Although this is not a definition I looked up anywhere but basing it on my own understanding and my own experience of it, I would say lifelong learning is the practice of continuing learning through your entire life. It’s not entangled with the trivialities of the questions of ‘what’, ‘how’ and even ‘who’ is responsible.
Instead, it encapsulates a variety of experiences, ways, methods, media, resources but it doesn’t attempt to determine what is the “right way” or the “wrong way” nor does it get mixed up in confusing and conflicting arguments over who owns it, how is it delivered or designed, who it belongs to, or who pays for it.
Let’s just agree at this point to say, ‘life long learning is integral for our survival”.
It’s a holistic approach for our personal development where we learn ourselves and our place in this world, and how we deal with the challenges thrown our way in life by working with others to overcome them.
How Did I Get Here?
This year has been an immense learning and reflective journey for me thanks to COVID.
I’m sure I’m not the only person to have felt this way as the virus rocked everything in our world and made visible some things that had remain hidden, unacknowledged or discounted.
Reading widely and having time to reflect and ponder about the dismal state of the world and my place in it, made me think about what drove me to write the things I write and to do the things I do – and have been doing over the years.
It made me question what my motivation was for personal learning and development in myself over the years that I’ve been writing about in this blog or sharing on my YouTube channel.
For example, all my projects such as:
- building a learning and networking community Third Place,
- learning how to read music, learning how to play the ukulele,
- being part of an intergenerational film crew where we made a film that was screened at our local cinema,
- my obsession with Australian History,
- creative projects such as acting as a luddite foreign correspondent called Shazza Breaknews for CNT News; Community Reporter for Microsoft Ignite;
- learning Power Automate,
- learning French and so much more).
What was the point of doing all that and sharing it all out loud here?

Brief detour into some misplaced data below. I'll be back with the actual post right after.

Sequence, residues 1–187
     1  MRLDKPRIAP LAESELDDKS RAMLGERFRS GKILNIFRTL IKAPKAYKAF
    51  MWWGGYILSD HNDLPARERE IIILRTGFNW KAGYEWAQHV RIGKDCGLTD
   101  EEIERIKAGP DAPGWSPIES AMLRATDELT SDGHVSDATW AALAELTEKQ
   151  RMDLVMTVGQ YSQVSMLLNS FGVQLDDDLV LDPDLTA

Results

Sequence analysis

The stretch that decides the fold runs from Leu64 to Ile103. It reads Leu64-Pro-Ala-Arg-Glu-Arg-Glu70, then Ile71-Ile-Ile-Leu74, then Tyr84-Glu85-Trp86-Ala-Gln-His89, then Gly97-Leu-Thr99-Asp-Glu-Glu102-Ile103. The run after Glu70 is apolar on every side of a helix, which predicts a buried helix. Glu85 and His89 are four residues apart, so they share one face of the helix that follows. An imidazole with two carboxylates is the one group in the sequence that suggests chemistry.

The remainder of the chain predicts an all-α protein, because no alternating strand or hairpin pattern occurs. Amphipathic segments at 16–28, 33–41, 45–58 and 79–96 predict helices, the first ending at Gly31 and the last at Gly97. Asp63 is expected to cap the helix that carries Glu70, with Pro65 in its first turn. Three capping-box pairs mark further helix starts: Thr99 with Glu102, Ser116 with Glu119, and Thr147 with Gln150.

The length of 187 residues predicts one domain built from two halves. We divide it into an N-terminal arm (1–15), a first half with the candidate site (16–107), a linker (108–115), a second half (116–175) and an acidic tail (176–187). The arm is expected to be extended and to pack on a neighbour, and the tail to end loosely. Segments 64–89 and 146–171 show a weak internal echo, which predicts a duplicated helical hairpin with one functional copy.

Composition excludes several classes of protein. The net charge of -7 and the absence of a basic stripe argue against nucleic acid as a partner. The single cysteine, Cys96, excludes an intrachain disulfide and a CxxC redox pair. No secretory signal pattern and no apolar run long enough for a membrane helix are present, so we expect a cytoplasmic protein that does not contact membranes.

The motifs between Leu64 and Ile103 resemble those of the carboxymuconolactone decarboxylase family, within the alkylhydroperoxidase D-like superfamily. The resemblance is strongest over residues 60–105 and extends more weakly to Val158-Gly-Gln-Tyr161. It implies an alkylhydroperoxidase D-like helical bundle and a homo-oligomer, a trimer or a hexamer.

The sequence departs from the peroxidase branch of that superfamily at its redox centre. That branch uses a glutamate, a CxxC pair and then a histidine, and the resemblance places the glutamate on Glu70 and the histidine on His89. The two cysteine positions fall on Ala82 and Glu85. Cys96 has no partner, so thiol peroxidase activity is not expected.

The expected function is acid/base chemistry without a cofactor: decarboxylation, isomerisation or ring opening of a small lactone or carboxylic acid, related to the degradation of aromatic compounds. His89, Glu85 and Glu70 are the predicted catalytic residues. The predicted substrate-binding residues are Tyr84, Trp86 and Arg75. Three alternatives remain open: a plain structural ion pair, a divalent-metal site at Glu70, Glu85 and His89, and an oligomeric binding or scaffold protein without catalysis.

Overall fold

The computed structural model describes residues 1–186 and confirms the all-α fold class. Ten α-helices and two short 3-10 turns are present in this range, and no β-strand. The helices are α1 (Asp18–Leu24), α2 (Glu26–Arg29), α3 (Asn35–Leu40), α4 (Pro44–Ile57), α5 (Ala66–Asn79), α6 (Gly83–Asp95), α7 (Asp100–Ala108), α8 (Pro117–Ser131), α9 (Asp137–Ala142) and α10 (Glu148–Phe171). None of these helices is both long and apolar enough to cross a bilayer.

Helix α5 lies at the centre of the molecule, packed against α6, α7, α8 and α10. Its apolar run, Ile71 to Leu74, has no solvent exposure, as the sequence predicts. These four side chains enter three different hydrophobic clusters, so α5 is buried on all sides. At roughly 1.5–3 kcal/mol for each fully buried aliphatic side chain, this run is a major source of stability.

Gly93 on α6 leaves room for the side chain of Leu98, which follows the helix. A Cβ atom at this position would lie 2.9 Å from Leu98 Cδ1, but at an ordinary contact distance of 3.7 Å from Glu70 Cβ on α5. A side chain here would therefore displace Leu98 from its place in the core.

The realisation was that I was passionate for learning new things and stretching myself out of my comfort zone.
I used my time not for just work related or job skills (because believe it or not these were the advantageous by-product of my lifelong learning pursuits anyway) but also for feeding my brain and heart which in turn, made me curious to go an extra step to learn more.
I guess you can say that being a curious explorer by default helped me in my job anyway.
To any outsider, it looks like I have some kind of ADHD flitting from one thing to another without these things being directly applicable to a specific job, task or skill for the workplace and yet each one of them helped me with some other skills that have made me more:
- comfortable with constant change
- culturally aware
- mindful of my own performance gaps and bias
- not accept the status-quo
If anything, it made me learn something about myself. I was taking the easy route out by continuing to ‘think small, think safe.” I was focussed on an aspect of learning that related to just job tasks and skills and not the part that involved a grander, more bodacious goal of learning to make a new future for ourselves.
This year I hope to recalibrate this and think more widely beyond the workplace – and instead, think of learning as an opportunity to build new communities, cities and societies to grapple with everything that we will face in the world from now on.
Here’s one book that got me thinking of what’s ahead….
Here’s another book that got me thinking..